The Kosher Gourmet by Steve Petusevsky Exploring ingredients as edible-stuffed containers (TWO RECIPES + TIPS & TECHINQUES)

Jewish World Review Dec. 19, 2008 22 Kislev 5769

An empty stocking for Frau Merkel

By Suzanne Fields

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http://www.JewishWorldReview.com | BERLIN — Chancellor Angela Merkel is suffering a barrage of metaphors, some of them pointed and all of them mixed. So, too, President Nicholas Sarkozy in neighboring France. They're the odd couple of the European Union, usually depicted as friends, but every European understands that kisses on both cheeks do not a romance make. Their dance was once a graceful duet in a light-hearted French operetta, but she's now singing off-key in a solo, rendering them a misbegotten couple in a Wagnerian opera.

Enough metaphors already? The German press has more. "These days, both leaders are governing on the thin ice of the financial crisis, but Sarkozy is whistling as he turns confident pirouettes, while Merkel is crawling across the slippery surface on all fours, slowly and cautiously," observes der Spiegel, the weekly newsmagazine, invoking popular cliches to deride the strategy the two leaders are using to deal with the recession.

Other leaders in the European Union want her to package a bigger stimulus, but Frau Merkel is cautious. She offers only modest sums to trigger investment. Mixed messages join mixed metaphors at home. When the chancellor met this week with government ministers, business executives and labor leaders to find ways to slow the recession, the meeting concluded with mush, calling for "collective accountability," which is no more appealing than "accountable collectivity." Most Germans do not suffer from personal debt. They're stingy with the plastic. But if they guard their credit cards, they don't seem to mind costly government measures for saving the environment.

Once a staunch supporter of the Merkel environmental protections, German Greens now depict the chancellor in shades of yellow, charging her with cowardice as her enthusiasm for fighting global warming cools (even as the globe itself cools).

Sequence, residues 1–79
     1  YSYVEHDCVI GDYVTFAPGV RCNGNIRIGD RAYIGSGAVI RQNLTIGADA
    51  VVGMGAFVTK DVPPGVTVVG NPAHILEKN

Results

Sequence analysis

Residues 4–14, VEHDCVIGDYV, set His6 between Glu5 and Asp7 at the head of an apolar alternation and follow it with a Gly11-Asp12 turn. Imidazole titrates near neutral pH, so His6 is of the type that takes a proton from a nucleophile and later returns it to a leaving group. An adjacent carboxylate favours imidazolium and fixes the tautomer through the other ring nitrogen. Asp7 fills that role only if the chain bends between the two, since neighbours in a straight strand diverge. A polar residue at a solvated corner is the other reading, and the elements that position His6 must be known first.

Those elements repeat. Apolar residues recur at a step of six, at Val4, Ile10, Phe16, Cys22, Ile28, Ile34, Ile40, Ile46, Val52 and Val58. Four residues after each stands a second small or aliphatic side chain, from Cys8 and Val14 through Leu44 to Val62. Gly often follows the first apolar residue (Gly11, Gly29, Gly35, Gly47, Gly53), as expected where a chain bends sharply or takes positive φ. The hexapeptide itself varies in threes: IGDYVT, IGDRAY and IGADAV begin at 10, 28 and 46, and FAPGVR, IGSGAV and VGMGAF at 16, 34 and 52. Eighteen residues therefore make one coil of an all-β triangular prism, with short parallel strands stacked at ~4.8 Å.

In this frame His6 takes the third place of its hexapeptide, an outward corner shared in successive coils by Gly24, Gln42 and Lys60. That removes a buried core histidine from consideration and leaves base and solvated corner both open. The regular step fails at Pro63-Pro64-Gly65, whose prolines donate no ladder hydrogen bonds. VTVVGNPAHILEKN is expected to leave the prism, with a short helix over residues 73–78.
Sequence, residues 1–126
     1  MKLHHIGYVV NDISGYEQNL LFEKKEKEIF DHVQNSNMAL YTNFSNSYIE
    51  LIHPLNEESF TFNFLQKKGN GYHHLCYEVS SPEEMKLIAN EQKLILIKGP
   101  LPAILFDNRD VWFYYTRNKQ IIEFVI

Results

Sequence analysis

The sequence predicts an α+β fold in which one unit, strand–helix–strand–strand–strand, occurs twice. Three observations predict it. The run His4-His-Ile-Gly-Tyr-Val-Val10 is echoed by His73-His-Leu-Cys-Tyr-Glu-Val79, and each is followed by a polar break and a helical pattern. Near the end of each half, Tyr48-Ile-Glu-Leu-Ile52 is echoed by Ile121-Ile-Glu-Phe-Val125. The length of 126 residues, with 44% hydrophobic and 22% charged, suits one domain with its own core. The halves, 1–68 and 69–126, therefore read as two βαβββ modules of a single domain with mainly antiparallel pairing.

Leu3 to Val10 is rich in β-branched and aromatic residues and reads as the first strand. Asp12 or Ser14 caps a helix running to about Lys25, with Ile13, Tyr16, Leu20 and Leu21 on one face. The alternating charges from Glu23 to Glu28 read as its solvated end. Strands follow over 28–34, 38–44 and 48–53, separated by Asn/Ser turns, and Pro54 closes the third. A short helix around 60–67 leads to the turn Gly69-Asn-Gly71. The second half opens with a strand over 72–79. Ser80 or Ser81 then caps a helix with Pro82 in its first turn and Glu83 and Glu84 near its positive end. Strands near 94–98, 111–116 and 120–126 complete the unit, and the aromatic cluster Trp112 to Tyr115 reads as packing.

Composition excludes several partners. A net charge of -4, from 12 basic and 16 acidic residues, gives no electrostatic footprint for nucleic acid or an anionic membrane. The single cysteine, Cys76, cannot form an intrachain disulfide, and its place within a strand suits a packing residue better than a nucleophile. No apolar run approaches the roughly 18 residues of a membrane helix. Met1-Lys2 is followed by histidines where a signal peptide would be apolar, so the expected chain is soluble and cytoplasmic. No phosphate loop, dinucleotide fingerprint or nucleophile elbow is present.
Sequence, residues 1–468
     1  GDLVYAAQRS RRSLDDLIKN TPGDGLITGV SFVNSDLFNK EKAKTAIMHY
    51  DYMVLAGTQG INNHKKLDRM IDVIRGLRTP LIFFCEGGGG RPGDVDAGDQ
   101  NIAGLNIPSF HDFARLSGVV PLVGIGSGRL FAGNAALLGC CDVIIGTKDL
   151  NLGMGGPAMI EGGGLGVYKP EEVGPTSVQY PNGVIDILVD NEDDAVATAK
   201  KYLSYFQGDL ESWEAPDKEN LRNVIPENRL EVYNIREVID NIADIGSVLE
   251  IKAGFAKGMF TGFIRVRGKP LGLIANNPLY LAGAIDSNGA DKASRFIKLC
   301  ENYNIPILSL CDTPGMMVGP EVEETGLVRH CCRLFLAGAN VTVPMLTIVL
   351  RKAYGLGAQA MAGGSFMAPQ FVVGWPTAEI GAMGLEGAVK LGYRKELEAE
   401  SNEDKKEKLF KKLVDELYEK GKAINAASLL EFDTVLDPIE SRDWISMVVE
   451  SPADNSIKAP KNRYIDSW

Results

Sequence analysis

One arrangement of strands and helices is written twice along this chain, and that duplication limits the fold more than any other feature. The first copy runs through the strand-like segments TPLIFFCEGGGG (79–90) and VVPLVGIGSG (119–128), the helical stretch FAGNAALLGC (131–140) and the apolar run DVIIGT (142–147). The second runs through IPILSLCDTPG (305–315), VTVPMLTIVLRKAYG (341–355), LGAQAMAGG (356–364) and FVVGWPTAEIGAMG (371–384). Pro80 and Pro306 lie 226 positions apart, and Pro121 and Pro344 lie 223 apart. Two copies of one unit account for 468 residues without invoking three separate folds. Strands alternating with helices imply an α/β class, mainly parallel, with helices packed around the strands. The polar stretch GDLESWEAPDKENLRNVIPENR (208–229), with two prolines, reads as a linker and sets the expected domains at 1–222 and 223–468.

The Greens are especially angry that she joined other EU nations in a compromise that delays setting goals for reducing carbon emissions in Eastern Europe, where there's a reliance on smokestack industries. She insists that ambitious targeted goals remain in place for the year 2020, but that means playing a waiting game, and there's a long, long time between 2008 and 2020.

Seeking to turn her negatives, Frau Merkel praised the EU economic stimulus package of $200 billion euros ($267 billion) and promised Germans that she would spend billions of euros on road-building and repairs next year. She feels the sting in the French accusation that she's "Madam Non" and failed Sarkozy by not supporting his expensive "rescue" proposals. She likes the sound of "Madam Oui" better.

Her pas de deux with Sarkozy over, she's determined to avoid the look of the wallflower. She's eager now for Barack Obama to sign her dance card. The chancellor says she won't commit to more spending on the German economic crisis until after the inauguration "of the new president of the world's largest economy." She, like most Europeans, is counting on the messiah from Chicago.

Teutonic times are tough all over. The German car industry is fastening its seatbelts for the bumpiest ride in its history. BMW and Mercedes-Benz, long synonyms for "quality" and "luxury," are suffering acute carsickness. They haven't been hit as hard as the Detroit Three, but their cars aren't turning heads and emptying wallets as they did only yesterday.

Driving a sedan with a big engine reflects both bad taste and bad judgment in a declining economy. BMW cut more than 8,000 jobs this year, and Mercedes says it will sell 150,000 fewer cars next year than it expected to do. Opel, the cutting-edge German car owned by General Motors, is vulnerable, also. Used cars with name brands are less desirable, too, as prospective owners worry that spare parts — batteries, brakes, fan belts, even windshield wipers — will be hard to find.

Mistakes seen through a rear-view mirror only reveal the landscape left behind, and foresight requires manufacturers to change their attitude as well as their designs. Expensive models with fast engines are suddenly unappreciated by drivers addicted to racing across the autobahns. Porsche became the major shareholder in Volkswagen with the intent to make sports cars with more power, but now those expected 12- and 16-cylinder monster engines look only like out-of-reach indulgences for a future demanding fuel efficiency.

Despite the bad economy, Berliners are reveling as usual in their distinctive Christmas markets, scooping up trinkets, gorging on potato pancakes and sipping Gluhwein, the distinctive warmed wine. On St. Nicholas Day, celebrated early in December, children found their polished shoes stuffed with candy and sweets as always. The saint lived up to his reputation as a "wonderworker." Angela Merkel once imagined herself as someone like that, but not this year. That's one metaphor that's gone missing.